Morgan Stanley predicts driverless car ‘utopia’ by 2026

Morgan Stanley Research

Adam Jonas isn’t Nostradamus, but the Morgan Stanley analyst is predicting the road to complete vehicle autonomy will begin in 2026. What’s more, he says the technology will eventually reach 100 percent market penetration two decades later.

Wall Street forecasts aren’t generally superior to the dart-throwing monkeys, but they do create great charts. At end-2018 we can reality-test the Adam Jonas report: there should be at least a couple of full-autonomous offerings on the market.

The majority of media reports I see on robocars are focused on the idea that Danny-the-driver sells his Prius, buys his first robocar — but continues to drive to work every day. The “big change” is that now Danny can TXT while not-driving instead his usual TXTing-while-driving, otherwise known as DWD, Driving While Distracted. That will save a lot of lives, including those of cyclists like myself.

But that isn’t the significant revolution. The real revolution will be most obvious in high density cities like New York or San Francisco. High robocar penetration will happen there first because of the appeal of “whistle-cars”. We are already seeing this in the explosive growth of Uber, Lyft and similar services. Urbanites are proving they prefer to summon a just-in-time ride on their iPhone. Robocars will make this service even more convenient and a LOT cheaper. That’s pretty much the end of the self-owned urban car market.

Even earlier than the whistle-car we will see delivery-bot vehicles. This is where Amazon is going with their drone development program. The drones will be the “last block” of the delivery web. The delivery-bots will handle the larger, heavier delivery loads and supply the drones and the human powered deliveries.

American cities typically have 40 to 50% of their useable area eaten by automobiles, comprised of streets and parking. Most of that space can be released to productive use once robocars and delivery-bots reach full penetration. Perhaps cities will even allow building again – so the acute shortage of affordable housing can be eliminated. Or maybe not – the same old status-quo people will probably still control the city governments. And they already have their multi-million dollar positions – no “housing crisis” for them.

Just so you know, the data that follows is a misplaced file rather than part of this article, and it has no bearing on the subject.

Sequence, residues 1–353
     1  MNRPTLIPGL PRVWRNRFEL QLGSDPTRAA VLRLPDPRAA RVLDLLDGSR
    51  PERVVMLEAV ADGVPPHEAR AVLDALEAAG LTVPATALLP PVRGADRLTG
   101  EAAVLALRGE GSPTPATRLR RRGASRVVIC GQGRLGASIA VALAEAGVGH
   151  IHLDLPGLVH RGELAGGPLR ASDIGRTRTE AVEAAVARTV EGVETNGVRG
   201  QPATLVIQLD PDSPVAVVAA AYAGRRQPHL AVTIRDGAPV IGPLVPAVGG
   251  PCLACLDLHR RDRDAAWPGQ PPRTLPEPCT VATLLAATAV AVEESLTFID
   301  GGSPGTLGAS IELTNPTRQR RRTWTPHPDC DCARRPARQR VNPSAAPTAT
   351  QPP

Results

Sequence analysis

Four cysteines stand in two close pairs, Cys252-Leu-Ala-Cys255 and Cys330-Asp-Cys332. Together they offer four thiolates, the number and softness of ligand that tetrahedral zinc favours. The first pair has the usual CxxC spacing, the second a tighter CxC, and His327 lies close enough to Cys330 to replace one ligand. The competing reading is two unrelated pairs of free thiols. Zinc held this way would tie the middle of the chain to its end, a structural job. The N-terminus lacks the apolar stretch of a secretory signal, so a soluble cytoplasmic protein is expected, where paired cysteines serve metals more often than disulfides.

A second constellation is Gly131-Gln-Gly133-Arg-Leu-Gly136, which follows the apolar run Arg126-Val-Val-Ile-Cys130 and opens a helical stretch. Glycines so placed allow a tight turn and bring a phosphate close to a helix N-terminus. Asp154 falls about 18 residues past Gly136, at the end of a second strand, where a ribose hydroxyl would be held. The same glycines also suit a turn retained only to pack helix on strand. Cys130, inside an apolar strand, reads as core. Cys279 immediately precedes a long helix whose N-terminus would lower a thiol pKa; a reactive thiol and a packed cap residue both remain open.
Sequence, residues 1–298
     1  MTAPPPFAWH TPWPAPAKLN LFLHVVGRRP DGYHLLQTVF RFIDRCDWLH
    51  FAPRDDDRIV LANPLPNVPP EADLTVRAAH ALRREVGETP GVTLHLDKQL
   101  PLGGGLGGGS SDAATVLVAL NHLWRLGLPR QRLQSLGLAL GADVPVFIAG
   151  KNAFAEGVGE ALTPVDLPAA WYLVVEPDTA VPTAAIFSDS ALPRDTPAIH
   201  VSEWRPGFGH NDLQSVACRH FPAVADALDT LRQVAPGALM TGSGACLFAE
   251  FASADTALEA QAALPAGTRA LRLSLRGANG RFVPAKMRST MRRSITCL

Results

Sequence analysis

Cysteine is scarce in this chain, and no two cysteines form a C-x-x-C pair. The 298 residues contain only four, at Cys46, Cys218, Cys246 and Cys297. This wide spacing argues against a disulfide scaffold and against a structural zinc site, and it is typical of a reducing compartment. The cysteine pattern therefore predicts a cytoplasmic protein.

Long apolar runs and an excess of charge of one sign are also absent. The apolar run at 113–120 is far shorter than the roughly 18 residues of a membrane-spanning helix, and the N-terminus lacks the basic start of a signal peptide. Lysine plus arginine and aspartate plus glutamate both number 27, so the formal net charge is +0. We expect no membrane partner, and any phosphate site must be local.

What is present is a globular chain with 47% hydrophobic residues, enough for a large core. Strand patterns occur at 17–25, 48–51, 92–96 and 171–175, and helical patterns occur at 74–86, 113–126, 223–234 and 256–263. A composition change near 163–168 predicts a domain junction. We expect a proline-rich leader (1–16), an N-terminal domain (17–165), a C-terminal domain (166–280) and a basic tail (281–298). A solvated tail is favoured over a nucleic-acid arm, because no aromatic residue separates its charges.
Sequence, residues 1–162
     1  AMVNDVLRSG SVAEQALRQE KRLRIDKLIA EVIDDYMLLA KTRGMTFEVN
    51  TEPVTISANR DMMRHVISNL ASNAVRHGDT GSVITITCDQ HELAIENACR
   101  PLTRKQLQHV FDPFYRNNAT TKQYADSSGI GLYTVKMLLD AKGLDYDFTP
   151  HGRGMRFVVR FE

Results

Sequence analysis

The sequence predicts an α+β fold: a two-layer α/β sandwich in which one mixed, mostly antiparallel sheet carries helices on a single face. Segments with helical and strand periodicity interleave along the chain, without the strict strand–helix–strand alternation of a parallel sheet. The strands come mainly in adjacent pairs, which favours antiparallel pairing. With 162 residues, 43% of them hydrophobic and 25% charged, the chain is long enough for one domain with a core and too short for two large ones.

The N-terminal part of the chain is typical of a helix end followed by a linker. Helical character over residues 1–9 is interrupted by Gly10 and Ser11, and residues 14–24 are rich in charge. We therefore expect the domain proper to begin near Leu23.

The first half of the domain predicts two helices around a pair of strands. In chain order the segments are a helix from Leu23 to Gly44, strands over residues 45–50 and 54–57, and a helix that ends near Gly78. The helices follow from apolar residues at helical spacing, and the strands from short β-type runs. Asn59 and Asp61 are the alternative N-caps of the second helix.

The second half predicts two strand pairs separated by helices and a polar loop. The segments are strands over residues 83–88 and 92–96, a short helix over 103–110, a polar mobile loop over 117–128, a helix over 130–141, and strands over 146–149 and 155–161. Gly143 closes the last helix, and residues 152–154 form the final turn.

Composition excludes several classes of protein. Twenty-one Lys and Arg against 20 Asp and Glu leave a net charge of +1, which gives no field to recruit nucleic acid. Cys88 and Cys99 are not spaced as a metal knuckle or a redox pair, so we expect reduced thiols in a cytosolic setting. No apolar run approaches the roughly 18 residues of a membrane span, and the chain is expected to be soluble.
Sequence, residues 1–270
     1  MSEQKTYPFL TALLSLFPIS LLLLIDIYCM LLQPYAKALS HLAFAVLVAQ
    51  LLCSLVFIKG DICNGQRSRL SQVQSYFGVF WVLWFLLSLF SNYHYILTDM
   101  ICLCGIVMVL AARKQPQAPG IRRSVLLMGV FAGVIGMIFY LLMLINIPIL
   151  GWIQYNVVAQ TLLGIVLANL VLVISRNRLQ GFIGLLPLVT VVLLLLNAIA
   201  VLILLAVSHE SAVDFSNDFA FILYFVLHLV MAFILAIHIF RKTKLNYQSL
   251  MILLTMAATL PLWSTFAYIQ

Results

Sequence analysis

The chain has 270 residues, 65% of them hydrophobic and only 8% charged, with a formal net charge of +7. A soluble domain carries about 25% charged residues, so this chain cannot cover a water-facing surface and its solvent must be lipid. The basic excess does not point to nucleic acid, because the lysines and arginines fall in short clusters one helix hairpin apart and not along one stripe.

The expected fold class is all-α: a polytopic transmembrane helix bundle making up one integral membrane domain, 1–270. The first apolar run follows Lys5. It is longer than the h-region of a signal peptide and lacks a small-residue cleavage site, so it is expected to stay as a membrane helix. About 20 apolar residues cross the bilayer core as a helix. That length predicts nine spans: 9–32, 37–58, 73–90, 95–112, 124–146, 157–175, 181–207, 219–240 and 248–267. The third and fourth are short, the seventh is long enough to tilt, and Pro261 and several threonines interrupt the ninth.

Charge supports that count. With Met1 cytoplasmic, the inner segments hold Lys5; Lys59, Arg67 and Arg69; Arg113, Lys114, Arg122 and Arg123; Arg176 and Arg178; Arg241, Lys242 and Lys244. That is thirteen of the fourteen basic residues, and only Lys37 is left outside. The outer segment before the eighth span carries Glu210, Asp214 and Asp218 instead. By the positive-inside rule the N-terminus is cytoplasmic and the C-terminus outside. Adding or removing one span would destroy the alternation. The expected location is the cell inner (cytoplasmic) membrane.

For a deep dive into the implications of robocars, I recommend Brad Templeton, now a consultant to Google’s robocar program. See Brad’s main robocar page: Where Robot Cars (Robocars) Can Really Take Us. There’s lots more here on Seekerblog

Paul Saffo on Google’s self-driving cars

Paul speculates on the implications of the Google/Stanford research. There’s a short video of one of the Google robo-Prius cars on the highway.

(…) Why buy a car when you can subscribe to one? This is the alluring premise behind services like Zipcar and City CarShare, but thanks to an assortment of small annoyances, car sharing is a tiny industry that remains more promise than reality. Advanced telematics could be what makes car-sharing practical by adding features calculated to protect occasional drivers and the cars they share. Collision-avoidance systems would spare drivers the grief of an accident and allow for lower insurance rates. Cloud-based mapping and traffic alerts would dramatically increase the convenience of shared cars and provide better monitoring and diagnostics for the system operators. Thrun even thinks we can create a service where instead of picking up your car in a nearby parking space, the driverless car will come to you like a well-trained spaniel.

Stanford self-driving cars: roundtable interview

I just listened to the 40 minute audio podcast of a fascinating roundtable discussion. The key people are Sven Beiker, executive director of the Center for Automotive Research at Stanford, and futurist Paul Saffo, managing director of foresight at Discern Analytics. There is also video of the Reporters’ Roundtable discussion.

Paul Saffo contributed several new insights on how robotic cars are likely to evolve. Already in Japan and German the twenty-somethings do not want to own a car. E.g., consider the emergence of a vastly larger market for shared cars when they become all electric robots with predicted lower insurance rates. Google might see this as a great way to create almost real-time Street View coverage by adding the camera to all these cars.

Paul also predicted that the US military will be an early adopter for convoys: human driven lead vehicle followed closely at high speed by the robot vehicles. Consider the implications for countering attacks on the convoys.

Show notes and talking points

Overview: Where are we on the road to the autonomous car?

Talk about current autonomous solutions and driver aids.

What’s in robocars for Google?

Problems yet to solve, like legal and insurance issues. Who gets the ticket? Who’s responsible for a crash?

What happens when the first robot car crashes and kills its driver or a bystander?

If the human is ultimately responsible, how are you going to keep them alert when the car is doing all the work?

Will we need new roads? New driver education?

Talk about how contests, challenges, and racing move innovation forward. See the Grand Challenge (PDF).